As a parent, the first question worth asking yourself is whether you want an acoustic or electrical guitar for your child. We carry both electric and acoustic models made that are suitable for ages 3-4 and up, so there are no limitations primarily based on your kid’s age. There is no definitive answer to this question – if you’re on a low budget and unsure whether your child will keep it going, then you must probably select a cheap acoustic, but there are also benefits to choosing an electrical.
The bulk of youngsters start out on an acoustic guitar for one main reason – it’s less expensive. If, as in the case of most moms and dads, you don’t have any idea whether your youngster will use the guitar for more than a couple of days, the more cost-effective acoustic option is more logical. On the other hand, many parents select to begin with an electric guitar because – let’s come clean – it’s cooler and more fun! Because an electric guitar requires accessories like a cable and amplifier, youngsters’s electrical guitars are available in starter packages that run about $100 or more. A children’s acoustic can be had for half as much.
Naturally, you must also take your youngster’s demeanor into account when selecting between acoustic and electrical (it may even be a good idea to talk about this with them previously and show them photographs). If your child is rambunctious and energetic, perhaps he would appreciate an electrical guitar — if you’ve ever held an electrical guitar in your hands and ripped it like Pete Townsend did at Woodstock, you’ll know what I mean! For the shy, introspective child, the soothing tones of a strummed acoustic could be most appealing.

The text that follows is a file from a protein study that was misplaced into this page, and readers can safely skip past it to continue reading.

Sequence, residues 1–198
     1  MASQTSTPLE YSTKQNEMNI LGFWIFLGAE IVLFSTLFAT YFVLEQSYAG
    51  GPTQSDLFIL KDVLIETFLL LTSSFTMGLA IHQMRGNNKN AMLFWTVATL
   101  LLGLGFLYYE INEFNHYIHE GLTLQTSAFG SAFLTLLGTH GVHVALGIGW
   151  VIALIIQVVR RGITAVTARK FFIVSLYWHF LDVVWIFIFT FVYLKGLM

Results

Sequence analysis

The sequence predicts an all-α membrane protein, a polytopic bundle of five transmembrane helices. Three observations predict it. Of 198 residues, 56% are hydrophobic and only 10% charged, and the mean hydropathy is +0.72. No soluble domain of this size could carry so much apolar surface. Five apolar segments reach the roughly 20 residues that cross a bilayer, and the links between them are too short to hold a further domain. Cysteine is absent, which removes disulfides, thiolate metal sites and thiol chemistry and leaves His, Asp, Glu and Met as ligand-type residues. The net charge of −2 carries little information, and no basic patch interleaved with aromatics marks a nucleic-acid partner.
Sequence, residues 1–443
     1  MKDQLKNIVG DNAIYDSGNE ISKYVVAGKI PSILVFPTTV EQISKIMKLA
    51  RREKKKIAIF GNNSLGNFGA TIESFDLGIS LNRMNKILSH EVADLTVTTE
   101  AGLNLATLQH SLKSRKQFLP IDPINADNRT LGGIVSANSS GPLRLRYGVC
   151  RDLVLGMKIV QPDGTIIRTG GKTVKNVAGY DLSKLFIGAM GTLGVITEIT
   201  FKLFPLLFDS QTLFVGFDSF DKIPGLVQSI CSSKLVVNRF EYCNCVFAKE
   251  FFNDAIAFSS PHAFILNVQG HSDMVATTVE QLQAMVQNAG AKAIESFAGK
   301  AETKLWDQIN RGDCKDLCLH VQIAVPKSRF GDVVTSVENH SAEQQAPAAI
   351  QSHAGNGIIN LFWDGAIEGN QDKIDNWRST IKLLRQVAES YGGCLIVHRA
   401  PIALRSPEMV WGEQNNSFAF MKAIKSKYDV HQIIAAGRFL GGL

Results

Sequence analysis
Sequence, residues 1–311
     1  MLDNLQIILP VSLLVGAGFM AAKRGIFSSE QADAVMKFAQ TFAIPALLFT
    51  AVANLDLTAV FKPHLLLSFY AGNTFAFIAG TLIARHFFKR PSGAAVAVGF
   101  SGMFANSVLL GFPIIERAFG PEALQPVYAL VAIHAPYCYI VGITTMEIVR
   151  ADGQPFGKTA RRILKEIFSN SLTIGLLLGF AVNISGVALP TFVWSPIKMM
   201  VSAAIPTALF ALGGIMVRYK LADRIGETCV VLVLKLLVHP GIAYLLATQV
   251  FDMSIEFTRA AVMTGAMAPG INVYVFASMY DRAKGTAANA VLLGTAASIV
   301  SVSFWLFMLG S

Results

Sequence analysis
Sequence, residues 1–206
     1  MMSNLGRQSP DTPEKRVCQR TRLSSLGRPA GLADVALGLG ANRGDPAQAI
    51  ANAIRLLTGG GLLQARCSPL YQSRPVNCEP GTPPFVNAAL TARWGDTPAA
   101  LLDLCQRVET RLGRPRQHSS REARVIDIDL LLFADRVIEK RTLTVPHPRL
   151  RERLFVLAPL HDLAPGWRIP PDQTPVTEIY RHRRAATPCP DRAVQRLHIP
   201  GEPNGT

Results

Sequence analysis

You may additionally want to consider your private preferences, since this decision could also very well figure out how much peace and quiet you’ll get while your youngster is learning to play. Who do you believe got a better night’s rest, Paul Simon’s mother or Jimi Hendrix’s? The amount of noise that an electric guitar can generate might surprise you, even when played through a less dynamic amp. If you’re set on an electrical but also crave for peace and quiet, don’t despair – you can always pick up a headphone amplifier to keep things quiet ( ee section four on accessories and section six for product suggestions).
one more decision on acoustic guitars – steel or nylon strings?
If you’ve decided on an acoustic guitar, you have one more decision to make — there are two types of acoustic guitars : Steel-String and Nylon-String (Classical). Steel-string guitars are used in pretty much all popular music and are more common, but it is not peculiar for a child’s first guitar to be a classical nylon-string guitar. The reason for this is that nylon strings are soft and easier to press down, whereas steel strings can be exceedingly abrasive on a child’s hands. All guitarists develop calluses on their fretting hand after they’ve been playing for too long. However , for a child, playing acoustic guitar for too long can be painful at first, and a likely answer to this problem is to simply purchase a nylon string guitar instead. That having been said, most still begin with steel strings, generally because there are far more colours and options available.
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